Dragonfly (47) – Raphismia bispina

Family : Libellulidae
Common Name : Mangrove Dwarf
Status : Uncommon
Location : Pasir Ris Farmway

This is an uncommon dragonfly and is one of the few species that lives and breeds in saline water in mangroves. Both the male & female are small in size about 2.5 cm long. Accordingly to Mr Tang Hung Bun’s Dragonfly Book, the Mangrove Dwarf has been recorded in Changi, Mandai, Pulau Semakau, Pulau Tekong, Pulau Ubin and Sungei Buloh Wetland Reserve.

I first saw the image of a female taken by my friend, Yan Leong, in August 2010 and subsequently, a male captured by Allan Lee in December 2011, both found at Chek Jawa mangrove in Pulau Ubin. An internet search reveals that not many people have photographed this mangrove species. Those who were lucky usually spotted them at Chek Jawa.

I have wanted to photograph this uncommon dragonfly for a long time but I just didn’t want to bother Yan Leong or Allan to bring me all the way to Chek Jawa, Pulau Ubin. It was only recently when I met Loh, someone who is probably more crazy about dragonflies especially mangrove species than me, at Zhenghua Forest where he shared his well-captured images of both the male & female of this dragonfly. He shot them somewhere at Pasir Ris Farmway and it appears that this dragonfly species is a permanently resident there. I requested that he brings me along of his next visit.

Yesterday, I met him at the entrance of Pasir Ris Farmway. We drove a short distance from here and park our cars near the main road side. On the right is a small forested area which looks very ordinary to me. There are no mangrove swamps in sight and I would never expect to find this species here. I think Mr Tang Hung Bun would be surprised too!

(Residence of Mangrove Dwarf)

(Residence of Mangrove Dwarf)

Without further delay, we crossed the road and moved into the forest. Loh showed me the small area that he usually sighted this dragonfly. Within 10 minutes, I found a small blue dragonfly perched on a pool of fallen branches near the road side. I alerted Loh and he confirmed that this was the male mangrove dwarf!

(A male Raphismia bispina)

(A male Raphismia bispina)

The males resemble Brachydiplax chalybea which usually perch motionless on an exposed branch for long periods, guarding their territories around a salty mangrove pool. This male fits into this description except that there wasn’t any salty mangrove nearby. I did find a small patch of muddy area with little water a few metres away. Anyway, another male was spotted high up at a branch near a spider web.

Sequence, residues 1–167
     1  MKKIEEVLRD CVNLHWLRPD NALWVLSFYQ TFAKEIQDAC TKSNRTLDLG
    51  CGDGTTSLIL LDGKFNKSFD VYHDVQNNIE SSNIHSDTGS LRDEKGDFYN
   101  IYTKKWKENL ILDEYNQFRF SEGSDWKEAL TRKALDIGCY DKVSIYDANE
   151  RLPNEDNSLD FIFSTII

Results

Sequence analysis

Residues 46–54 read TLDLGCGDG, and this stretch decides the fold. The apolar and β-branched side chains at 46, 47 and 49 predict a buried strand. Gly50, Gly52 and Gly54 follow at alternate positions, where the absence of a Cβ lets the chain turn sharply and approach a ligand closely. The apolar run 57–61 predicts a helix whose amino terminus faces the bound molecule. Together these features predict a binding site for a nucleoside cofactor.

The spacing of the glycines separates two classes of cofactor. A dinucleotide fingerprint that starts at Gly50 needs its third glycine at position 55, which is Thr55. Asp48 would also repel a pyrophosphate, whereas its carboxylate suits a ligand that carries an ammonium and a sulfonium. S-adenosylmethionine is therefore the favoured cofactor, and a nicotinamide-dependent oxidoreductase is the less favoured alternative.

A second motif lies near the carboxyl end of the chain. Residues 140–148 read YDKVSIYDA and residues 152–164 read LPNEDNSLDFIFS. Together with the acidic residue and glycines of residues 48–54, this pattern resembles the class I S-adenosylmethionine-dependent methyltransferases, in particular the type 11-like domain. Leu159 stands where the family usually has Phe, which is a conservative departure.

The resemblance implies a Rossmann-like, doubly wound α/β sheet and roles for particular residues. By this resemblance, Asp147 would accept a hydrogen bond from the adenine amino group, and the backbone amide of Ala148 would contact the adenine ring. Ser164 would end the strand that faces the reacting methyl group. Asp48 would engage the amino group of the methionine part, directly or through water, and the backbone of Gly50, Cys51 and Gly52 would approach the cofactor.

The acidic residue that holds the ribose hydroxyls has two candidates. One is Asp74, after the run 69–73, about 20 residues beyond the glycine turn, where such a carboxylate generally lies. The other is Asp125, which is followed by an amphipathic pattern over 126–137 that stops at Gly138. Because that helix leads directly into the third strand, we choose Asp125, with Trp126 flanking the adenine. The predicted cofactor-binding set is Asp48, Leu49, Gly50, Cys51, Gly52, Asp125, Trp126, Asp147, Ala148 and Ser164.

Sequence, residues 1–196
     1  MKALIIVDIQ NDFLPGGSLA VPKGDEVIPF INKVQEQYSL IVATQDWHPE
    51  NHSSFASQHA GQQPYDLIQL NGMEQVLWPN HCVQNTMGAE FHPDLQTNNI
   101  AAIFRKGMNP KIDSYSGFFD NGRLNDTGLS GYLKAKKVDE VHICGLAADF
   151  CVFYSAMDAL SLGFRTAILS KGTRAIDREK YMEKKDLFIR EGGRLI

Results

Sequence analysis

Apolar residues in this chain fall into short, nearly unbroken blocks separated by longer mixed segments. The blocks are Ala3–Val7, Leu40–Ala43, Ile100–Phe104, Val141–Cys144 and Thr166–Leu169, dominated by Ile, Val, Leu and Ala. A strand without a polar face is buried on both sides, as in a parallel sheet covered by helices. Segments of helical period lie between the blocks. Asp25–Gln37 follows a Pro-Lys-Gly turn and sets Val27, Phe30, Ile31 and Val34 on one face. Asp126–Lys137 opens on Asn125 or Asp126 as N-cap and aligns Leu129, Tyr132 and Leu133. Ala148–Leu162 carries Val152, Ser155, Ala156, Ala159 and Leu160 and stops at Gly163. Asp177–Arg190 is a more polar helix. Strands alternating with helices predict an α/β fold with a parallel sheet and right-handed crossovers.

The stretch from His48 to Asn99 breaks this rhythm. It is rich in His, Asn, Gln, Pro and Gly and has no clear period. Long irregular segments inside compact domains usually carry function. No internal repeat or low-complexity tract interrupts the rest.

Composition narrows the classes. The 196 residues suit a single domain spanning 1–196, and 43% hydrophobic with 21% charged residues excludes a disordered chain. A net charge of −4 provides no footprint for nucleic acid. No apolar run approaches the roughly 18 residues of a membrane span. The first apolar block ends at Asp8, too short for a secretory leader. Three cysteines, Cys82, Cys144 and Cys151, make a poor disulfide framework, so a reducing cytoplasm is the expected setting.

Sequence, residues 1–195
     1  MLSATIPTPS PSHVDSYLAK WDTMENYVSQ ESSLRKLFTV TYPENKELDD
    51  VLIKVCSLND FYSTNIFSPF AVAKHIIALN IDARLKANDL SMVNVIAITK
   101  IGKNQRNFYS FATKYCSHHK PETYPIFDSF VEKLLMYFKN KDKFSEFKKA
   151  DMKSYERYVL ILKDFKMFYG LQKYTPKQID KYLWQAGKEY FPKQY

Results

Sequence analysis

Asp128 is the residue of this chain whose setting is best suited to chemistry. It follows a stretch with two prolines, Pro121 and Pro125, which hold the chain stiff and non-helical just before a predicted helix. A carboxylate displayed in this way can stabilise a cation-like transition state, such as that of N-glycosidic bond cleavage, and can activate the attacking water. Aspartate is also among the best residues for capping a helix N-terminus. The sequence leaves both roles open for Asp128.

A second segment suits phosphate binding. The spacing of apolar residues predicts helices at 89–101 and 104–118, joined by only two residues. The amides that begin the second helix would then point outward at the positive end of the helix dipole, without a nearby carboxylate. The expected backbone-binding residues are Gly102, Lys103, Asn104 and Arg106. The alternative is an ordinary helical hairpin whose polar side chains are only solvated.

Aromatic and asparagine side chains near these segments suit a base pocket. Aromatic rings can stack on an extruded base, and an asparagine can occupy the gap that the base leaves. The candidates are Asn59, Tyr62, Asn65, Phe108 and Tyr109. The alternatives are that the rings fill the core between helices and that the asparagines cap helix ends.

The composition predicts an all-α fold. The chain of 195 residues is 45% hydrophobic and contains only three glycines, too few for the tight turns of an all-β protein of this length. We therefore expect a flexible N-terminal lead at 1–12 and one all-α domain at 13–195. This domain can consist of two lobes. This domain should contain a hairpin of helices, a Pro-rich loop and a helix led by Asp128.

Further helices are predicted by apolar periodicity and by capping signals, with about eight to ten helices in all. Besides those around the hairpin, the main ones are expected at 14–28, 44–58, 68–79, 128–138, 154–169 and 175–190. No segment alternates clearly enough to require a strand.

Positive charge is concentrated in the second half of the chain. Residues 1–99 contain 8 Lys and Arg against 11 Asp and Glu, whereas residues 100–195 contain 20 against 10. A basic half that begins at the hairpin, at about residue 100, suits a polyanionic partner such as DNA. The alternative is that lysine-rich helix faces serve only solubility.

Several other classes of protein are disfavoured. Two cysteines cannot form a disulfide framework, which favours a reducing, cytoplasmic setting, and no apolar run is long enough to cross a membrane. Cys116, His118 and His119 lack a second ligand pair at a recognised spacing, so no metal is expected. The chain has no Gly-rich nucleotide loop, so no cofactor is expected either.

(Another male Mangrove Dwarf)

(Another male Mangrove Dwarf)

A third male was found and I took the opportunity to take the front view.

(Front view of the male)

(Front view of the male)

Here are 2 more images of the same male on the same perch. The different is that the male on the right was taken with Loh helping me to block the strong sunlight. Which one do you think is better?

(Same dragonfly, same perch but different lighting condition)

(Same dragonfly, same perch but different lighting condition)

I shot another male but this one didn’t have the blue on its thorax or abdomen.  Could this be a young or aged male?

(An aged male?)

(An aged male?)

I am glad to spot a few female mangrove dwarfs too. The female has a black coloured body with yellow marking on the side of the thorax and yellow streaks along the abdomen.

(Female)

(Female)

Here is another female:

(Female Mangrove Dwarf)

(Female Mangrove Dwarf)

Another view of the female:

(Front view of a female)

(Front view of a female)

In total, there were about 4 males and 3 females spotted within a radius of approximately 5 metres. Certainly a healthy sign of this species. I must thank Loh once again for sharing this site to me, otherwise, I would not be able to take so many decent shots of these cute little creatures.

Reference : A photographic guide to the Dragonflies of Singapore

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